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Episode 8 · 3 weeks ago
Dan Daugherty interviews Brett Crosby, a co-founder of Urchin, who sold to Google for half cash and half stock in 2005. Urchin, became Google Analytics, one of the most successful Google products of all time.
Episode 7 · 1 month ago
Dan Daugherty interviews Josh Dorkin who founded BiggerPockets in his living room with $12 bucks. Josh tells his story of wanting to quit, having 3 nervous breakdowns, and eventually selling to a private equity company. Josh talks about what he did to get to a place of happiness and how big changes in his life became catalysts that helped him, his family, and the business grow.
Dan Daugherty - Welcome to this episode of The Big Exit. I'm your host, Dan Daugherty. And today I have a good friend, Josh Dorkin who is the founder and former CEO of BiggerPockets. Josh, thank you for coming on the show.
Josh Dorkin - Excited to be here, man.
Dan Daugherty - You know, I've got a lot of feedback from the listeners that said, Hey, big exits are great, but I noticed that a lot of the founders that you have interviewed have raised significant amounts of money, and I immediately thought of you because you've bootstrapped BiggerPockets from I remember your Washington Park house where we met to really a multimillion dollar organization. And I'm excited to have you on board to really tell the story of how you went from zero to an exit without ever raising a single dime of outside capital.
Josh Dorkin - Well, if you put it that way, it sounds pretty good. Yeah, Yeah, I I mean, you know, you want me to just take it from the beginning, or..
Dan Daugherty - Yeah, let's start from the very beginning. I remember you and I met In, must have been, what? When did you found BiggerPockets?
Josh Dorkin - Yeah. So it must have been 07, maybe that we connected and you and I were talking about, you know, you were thinking about buying different companies, and and we were just chatting about that. That didn't go well for me, but, uh, but yeah, no, it's been, um it's been a very, very long journey. Um, you know, like like any entrepreneurial story, lots of ups, lots of downs. And, um, inevitably, um, you know, really struggled through those those difficult times. But, you know, I think the key was just persevering through those in order to come out at the end. But, um, I I looked at the cycle as a multistage cycle. When I started BiggerPockets, it was I was teaching special Ed. I was teaching high school in Los Angeles.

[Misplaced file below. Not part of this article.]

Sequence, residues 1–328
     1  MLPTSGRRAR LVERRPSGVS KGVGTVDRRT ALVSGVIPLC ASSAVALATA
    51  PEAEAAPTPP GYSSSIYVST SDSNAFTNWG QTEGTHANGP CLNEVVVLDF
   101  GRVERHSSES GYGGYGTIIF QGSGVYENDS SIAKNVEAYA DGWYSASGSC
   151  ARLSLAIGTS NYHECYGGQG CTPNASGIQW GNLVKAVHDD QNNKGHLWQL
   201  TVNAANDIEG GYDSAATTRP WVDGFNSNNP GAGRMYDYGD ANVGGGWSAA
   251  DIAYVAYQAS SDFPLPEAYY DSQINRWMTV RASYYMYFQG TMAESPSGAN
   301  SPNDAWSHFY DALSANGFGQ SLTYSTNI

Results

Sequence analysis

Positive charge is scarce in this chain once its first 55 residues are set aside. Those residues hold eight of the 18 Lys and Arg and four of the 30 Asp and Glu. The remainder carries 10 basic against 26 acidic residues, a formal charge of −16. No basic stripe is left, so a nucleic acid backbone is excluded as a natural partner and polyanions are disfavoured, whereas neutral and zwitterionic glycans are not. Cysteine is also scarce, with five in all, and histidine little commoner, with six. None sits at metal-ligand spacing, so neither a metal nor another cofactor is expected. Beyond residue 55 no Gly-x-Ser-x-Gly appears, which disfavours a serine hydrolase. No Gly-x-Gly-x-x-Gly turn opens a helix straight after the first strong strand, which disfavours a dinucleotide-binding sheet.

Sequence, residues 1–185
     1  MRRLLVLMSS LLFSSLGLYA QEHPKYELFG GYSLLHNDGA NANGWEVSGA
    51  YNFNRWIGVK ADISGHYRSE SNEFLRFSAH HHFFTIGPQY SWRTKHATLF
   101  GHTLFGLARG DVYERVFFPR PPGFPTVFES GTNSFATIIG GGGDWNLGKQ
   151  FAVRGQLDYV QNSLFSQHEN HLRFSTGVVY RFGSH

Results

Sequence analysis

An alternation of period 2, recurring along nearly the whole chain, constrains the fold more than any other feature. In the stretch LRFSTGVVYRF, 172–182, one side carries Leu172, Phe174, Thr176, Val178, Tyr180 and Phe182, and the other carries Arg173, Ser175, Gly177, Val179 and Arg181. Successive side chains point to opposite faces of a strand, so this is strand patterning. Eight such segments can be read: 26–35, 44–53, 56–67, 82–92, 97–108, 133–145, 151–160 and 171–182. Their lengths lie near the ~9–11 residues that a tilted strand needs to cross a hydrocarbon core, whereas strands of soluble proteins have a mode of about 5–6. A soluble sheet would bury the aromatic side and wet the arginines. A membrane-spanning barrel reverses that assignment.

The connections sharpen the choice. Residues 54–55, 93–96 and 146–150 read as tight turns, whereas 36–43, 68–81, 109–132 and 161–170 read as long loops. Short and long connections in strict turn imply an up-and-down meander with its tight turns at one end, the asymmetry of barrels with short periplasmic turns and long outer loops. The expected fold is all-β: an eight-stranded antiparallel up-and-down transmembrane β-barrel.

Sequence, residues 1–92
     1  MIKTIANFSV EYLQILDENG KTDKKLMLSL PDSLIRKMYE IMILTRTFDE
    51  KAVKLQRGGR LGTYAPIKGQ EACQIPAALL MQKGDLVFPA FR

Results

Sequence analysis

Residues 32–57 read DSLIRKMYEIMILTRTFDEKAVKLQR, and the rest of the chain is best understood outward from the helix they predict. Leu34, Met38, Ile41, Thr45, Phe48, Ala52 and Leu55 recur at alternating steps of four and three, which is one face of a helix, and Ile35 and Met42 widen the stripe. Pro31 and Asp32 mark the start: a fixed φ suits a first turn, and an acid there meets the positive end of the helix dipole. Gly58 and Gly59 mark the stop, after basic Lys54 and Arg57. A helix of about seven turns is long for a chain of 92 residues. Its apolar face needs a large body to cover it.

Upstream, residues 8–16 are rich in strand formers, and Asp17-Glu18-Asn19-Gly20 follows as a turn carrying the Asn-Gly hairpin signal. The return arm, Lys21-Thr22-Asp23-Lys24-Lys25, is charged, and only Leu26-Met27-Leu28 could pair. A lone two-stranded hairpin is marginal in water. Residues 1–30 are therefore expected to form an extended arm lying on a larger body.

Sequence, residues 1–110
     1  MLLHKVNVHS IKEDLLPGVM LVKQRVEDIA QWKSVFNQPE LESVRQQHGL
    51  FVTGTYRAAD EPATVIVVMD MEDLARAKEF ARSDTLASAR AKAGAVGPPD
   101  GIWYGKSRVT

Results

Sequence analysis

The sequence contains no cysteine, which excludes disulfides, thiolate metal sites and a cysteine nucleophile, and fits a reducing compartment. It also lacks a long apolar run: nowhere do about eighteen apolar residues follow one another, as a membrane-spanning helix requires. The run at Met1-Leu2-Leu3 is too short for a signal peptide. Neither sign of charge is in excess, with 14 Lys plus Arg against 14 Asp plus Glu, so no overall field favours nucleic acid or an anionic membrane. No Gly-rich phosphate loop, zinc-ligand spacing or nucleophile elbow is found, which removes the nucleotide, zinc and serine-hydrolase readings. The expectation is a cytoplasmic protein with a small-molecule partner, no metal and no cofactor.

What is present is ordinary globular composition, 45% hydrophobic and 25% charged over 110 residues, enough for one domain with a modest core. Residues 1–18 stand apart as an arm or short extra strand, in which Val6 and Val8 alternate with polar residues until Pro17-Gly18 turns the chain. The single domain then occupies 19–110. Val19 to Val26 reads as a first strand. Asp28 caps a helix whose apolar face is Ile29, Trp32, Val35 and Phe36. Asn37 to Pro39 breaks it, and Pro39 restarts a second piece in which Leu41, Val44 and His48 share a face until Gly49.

The company, by the way, is the largest real estate investing media company and community out there. We're all about trying to help people build wealth, learn how to build wealth through real estate investing. And so back in 04 I was living in Los Angeles, I was teaching special ED at high school, I bought a bunch of property, as a result of my brother encouraging me to do so. And, uh, you know, I thought I was a smart guy, I went to college, you know, all these all these things and bought property thousands of miles away, which would would normally be a challenge. But I didn't really do my homework. And so what happened was little by little, I found myself running into some problems and I didn't quite know how to deal with those problems. There were books, but like, you know, the books were pretty general. They didn't really say, What do you do when your tenant is stealing electricity from the building next door? What do you do when somebody is ripping the copper piping out of your vacant unit? You can't find that. And all that was out there were there were communities forums, but they were all kind of tied to or in cahoots with, I call them the Gurus that get rich quick crowd. Um and you know, the the issue I had with with those which led me to founding BiggerPockets, was I You know, I didn't like the idea of getting caught up in this this funnel where, you know, it's like, hey, come to our free course and the free courses. Just an ad for a free boot camp. You know, some kind of boot camp, which is a nad for a course, which is an ad for, you know, training.